However, for home users, Mac anti-virus makes no sense whatsoever. All it can possibly do is slow down the system, add some irritating interruptions, and provide a false sense of security while actually undermining real security by adding new layers of potential vulnerabilities. Very targeted attacks, ones that might exploit a vulnerability to gain access to your system, are not preventable with anti-virus software that only scans for known patterns of malicious software.

Really, how useful is it to install anti-virus software that can realistically only stop you from installing software you should know better than to attempt to install in the first place, whether it’s the pirated version of Photoshop or the pirated version of iWork or an unknown anti-virus package from the web? Yes, those are the four fearsome malware examples Goodin cited as his “rising tide” of Mac malware, and which, coincidentally, Intego cites as the reasons to buy its Mac software.

Of course, the security experts at Kaspersky, Symantec, Intego, and others don’t want you to know that. They want you to read scary articles like those that regularly appear on CNET, Wired, and the Register, which are based on press releases issued by those vendors, all suggesting that Macs are really damn close to being dangerous to use, and that their products are really critical for your continued safety.

Because when you’re in the business of fear, an educated population is the worst thing you can imagine, and a lazy media content with republishing your press releases is your only hope in preventing that from happening.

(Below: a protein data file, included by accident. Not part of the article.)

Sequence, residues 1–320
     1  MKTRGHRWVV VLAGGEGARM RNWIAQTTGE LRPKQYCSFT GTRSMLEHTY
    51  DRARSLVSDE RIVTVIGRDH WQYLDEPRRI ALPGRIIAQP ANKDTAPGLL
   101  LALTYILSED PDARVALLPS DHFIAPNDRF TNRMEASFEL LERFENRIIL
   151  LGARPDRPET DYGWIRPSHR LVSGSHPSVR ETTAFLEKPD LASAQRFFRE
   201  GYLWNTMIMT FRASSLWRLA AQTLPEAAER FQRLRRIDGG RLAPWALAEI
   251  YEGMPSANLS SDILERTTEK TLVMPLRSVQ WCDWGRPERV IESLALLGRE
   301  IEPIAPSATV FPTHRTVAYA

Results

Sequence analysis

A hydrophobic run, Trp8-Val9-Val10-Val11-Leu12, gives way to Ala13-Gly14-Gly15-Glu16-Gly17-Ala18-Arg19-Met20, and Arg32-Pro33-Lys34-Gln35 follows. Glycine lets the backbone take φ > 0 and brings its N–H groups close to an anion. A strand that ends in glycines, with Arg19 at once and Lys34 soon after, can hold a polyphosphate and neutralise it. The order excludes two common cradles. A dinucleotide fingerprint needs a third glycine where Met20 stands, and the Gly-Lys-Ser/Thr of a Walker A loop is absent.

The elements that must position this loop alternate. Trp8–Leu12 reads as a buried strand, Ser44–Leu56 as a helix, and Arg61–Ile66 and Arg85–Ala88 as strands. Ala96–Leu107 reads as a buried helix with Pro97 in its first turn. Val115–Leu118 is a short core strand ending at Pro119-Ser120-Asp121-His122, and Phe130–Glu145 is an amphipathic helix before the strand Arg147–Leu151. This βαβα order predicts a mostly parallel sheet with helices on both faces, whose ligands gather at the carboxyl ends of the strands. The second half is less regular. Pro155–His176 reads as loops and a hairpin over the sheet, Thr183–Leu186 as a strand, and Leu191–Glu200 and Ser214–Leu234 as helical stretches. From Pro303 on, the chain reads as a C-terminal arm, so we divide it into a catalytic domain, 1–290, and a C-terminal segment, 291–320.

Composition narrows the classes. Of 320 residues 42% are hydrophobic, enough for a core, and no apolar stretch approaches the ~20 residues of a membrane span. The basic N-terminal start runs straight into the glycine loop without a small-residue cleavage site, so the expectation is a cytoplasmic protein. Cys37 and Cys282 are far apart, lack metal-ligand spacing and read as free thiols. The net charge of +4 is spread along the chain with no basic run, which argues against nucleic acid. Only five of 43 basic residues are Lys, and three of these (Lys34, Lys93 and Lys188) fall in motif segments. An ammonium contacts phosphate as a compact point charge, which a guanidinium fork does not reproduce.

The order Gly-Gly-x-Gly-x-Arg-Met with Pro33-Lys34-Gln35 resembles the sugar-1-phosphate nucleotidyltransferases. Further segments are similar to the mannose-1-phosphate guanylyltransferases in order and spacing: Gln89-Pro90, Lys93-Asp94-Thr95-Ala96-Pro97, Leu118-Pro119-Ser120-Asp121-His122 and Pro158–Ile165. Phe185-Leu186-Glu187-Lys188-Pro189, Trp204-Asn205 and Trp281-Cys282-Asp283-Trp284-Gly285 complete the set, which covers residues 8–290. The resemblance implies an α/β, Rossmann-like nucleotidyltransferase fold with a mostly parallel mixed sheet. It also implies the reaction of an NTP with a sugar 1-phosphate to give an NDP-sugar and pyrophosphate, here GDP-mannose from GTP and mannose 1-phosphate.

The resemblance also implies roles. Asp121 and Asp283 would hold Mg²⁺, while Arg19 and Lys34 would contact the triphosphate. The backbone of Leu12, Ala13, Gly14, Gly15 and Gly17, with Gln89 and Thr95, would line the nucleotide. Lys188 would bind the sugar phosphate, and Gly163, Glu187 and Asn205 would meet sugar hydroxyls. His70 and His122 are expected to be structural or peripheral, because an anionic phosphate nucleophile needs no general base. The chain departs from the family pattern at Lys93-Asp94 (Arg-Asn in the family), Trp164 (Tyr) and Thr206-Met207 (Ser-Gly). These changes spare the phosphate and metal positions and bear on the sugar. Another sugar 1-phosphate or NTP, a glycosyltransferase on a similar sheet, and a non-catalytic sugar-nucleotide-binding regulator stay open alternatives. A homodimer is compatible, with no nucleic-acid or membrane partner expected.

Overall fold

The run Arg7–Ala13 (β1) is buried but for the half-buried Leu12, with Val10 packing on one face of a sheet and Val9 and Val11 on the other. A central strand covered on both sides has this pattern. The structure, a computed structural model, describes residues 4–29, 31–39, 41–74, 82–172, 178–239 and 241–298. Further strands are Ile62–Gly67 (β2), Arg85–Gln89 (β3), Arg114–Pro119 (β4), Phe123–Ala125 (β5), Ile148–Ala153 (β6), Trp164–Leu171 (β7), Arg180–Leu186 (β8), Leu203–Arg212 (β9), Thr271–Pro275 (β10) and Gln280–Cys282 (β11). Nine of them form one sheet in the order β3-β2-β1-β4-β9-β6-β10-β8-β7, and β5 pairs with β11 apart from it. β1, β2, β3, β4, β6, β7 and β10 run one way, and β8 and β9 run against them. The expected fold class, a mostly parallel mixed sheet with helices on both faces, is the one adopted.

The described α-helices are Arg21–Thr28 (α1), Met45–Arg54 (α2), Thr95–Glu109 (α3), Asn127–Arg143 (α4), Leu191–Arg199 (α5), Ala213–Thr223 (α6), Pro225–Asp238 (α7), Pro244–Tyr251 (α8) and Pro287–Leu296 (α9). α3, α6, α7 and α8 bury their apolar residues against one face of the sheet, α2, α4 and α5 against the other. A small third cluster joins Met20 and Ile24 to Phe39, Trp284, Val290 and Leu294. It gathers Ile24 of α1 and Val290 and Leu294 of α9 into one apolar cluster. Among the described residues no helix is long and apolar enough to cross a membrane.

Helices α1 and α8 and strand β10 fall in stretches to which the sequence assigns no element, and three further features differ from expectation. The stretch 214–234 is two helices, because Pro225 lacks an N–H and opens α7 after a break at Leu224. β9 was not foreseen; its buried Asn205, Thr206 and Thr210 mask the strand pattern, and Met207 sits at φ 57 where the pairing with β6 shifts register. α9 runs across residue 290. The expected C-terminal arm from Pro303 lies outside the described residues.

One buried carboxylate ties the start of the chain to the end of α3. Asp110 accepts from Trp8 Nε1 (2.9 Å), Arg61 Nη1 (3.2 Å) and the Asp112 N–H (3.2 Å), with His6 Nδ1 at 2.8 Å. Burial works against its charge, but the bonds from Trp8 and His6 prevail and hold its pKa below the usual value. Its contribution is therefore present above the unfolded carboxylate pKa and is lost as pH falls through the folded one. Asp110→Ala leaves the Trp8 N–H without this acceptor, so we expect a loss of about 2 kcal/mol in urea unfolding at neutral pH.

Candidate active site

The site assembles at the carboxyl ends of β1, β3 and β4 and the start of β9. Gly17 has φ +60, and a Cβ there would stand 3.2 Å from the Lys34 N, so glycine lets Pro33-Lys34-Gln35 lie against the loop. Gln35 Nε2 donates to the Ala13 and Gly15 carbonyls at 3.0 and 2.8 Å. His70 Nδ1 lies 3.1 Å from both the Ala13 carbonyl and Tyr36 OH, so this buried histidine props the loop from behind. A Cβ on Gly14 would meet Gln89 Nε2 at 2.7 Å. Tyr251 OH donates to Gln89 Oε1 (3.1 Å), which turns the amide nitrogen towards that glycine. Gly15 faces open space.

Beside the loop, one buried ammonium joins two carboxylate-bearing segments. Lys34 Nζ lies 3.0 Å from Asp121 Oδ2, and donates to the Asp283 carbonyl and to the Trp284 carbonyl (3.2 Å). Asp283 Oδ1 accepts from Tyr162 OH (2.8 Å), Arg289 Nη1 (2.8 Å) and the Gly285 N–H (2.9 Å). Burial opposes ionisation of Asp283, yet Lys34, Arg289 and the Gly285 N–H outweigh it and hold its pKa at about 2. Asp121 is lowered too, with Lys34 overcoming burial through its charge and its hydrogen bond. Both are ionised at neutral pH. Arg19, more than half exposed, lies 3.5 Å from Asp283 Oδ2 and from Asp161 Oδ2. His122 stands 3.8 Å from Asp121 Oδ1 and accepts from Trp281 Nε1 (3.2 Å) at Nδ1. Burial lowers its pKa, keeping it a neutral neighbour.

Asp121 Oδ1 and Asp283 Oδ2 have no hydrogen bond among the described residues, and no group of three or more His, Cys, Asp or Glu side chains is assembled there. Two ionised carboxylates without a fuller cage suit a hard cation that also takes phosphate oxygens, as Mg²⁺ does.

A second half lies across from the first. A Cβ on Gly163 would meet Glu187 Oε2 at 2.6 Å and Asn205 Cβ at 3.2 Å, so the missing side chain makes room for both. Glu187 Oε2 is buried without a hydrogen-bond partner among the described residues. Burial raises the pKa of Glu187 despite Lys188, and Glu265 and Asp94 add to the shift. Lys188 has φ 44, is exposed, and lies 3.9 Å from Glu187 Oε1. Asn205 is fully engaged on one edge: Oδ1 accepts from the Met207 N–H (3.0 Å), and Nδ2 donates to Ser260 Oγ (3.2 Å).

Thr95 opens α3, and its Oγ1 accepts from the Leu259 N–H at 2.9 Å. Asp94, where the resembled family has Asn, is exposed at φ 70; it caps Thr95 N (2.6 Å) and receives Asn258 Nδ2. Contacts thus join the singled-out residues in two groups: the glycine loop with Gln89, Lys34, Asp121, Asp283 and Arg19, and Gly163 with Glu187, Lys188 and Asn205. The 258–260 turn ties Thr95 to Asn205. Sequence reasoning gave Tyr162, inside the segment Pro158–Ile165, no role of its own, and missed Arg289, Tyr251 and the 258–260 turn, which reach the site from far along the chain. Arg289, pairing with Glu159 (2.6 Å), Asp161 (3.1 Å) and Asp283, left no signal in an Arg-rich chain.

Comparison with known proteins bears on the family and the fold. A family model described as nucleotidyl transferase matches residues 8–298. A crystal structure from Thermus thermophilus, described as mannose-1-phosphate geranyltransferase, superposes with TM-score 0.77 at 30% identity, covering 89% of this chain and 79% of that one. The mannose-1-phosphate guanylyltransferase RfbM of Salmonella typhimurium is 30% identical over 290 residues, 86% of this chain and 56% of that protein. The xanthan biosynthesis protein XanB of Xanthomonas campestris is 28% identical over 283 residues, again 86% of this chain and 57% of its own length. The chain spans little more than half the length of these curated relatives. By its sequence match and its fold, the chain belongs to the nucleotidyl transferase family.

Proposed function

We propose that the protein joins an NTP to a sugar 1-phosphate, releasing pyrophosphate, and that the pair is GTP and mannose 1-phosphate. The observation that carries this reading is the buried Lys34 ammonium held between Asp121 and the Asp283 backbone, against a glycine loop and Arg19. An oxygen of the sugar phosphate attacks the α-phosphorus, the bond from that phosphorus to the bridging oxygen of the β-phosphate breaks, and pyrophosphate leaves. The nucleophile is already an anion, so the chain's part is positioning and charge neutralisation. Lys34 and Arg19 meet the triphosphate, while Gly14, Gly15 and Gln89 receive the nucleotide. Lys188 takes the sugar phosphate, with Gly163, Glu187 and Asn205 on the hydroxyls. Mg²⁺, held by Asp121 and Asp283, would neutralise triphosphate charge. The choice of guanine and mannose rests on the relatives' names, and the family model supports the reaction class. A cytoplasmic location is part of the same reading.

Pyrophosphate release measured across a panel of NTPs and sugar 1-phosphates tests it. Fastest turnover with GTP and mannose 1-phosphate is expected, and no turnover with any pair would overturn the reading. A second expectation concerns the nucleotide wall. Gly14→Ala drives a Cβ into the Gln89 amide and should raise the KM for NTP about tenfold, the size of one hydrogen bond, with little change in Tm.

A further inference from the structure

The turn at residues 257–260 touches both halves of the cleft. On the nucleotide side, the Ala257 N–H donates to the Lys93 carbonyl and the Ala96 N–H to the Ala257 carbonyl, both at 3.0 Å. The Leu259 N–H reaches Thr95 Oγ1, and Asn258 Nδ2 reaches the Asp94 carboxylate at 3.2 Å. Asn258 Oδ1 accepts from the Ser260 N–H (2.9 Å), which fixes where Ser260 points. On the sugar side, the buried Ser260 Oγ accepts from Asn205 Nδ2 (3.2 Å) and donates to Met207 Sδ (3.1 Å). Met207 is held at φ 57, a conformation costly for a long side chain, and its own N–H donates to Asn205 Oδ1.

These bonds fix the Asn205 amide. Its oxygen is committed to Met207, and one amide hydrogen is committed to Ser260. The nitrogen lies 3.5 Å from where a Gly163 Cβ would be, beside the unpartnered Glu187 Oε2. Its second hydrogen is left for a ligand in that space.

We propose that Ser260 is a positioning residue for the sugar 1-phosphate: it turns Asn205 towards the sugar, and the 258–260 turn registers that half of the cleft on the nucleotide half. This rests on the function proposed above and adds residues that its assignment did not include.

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  • wintercamp

    Hi! I always love your articles! I’m not so into “effeminate” as a derogatory term, though.

  • http://www.isights.org/ whmlco

    I think you may be making a bit much out of the article being “sponsored” by Symantec, as it was probably just a contextually placed ad.

    Much, I assume, as was the Cyber-Defender anti-virus ad that adorned the top of the Roughly Drafted article…

  • ronhip

    Odd that given the subject of this article, two of the three ads associated with it were spyware and security scan ads…

    [Not odd at all considering that they are positioned by context – Dan]

  • Brau

    Man! A subject close to my heart. Well said.

    A few other things most people don’t realize about virus software:

    1. Viruses have to be coded very lean and if even one bit is out of place they won’t work. AV software can’t actually run any code to see if it’s truly viral so they only compare it to known virus strings, within a percentage. This means over 90% of the pop-ups users receive warning of a “possible” virus are usually false and the user is being denied viewing a perfectly legit file. The result is that the user thinks it’s actually protecting them when it’s not. Sometimes it’s simply the file name.

    2. AV software cannot protect you from future viruses, only past ones.

    3. Running any brand of AV software causes infinitely more problems for Mac users than not. Norton, McAfee, Sophos, and even ClamX all have extensive troubleshooting forums detailing tens of thousands of issues ranging from HD erasure, critical data loss, and even phantom user accounts. Scary stuff, given there are no Mac viruses that can do any of these things.

    4. Many Mac dealers often profit from getting Mac users to install free AV software as they make a ton of money on the resulting service calls. I had a knock down, drag-em out public confrontation with the local Mac User Group (hosted by a local dealer) who was openly pushing all Mac users to run AV software to be “good netizens” and “just to be safe”. Thankfully many other Mac users were just as enraged by this as I was and they were thoroughly embarrassed into backing off.

  • http://quickdekay.net QdK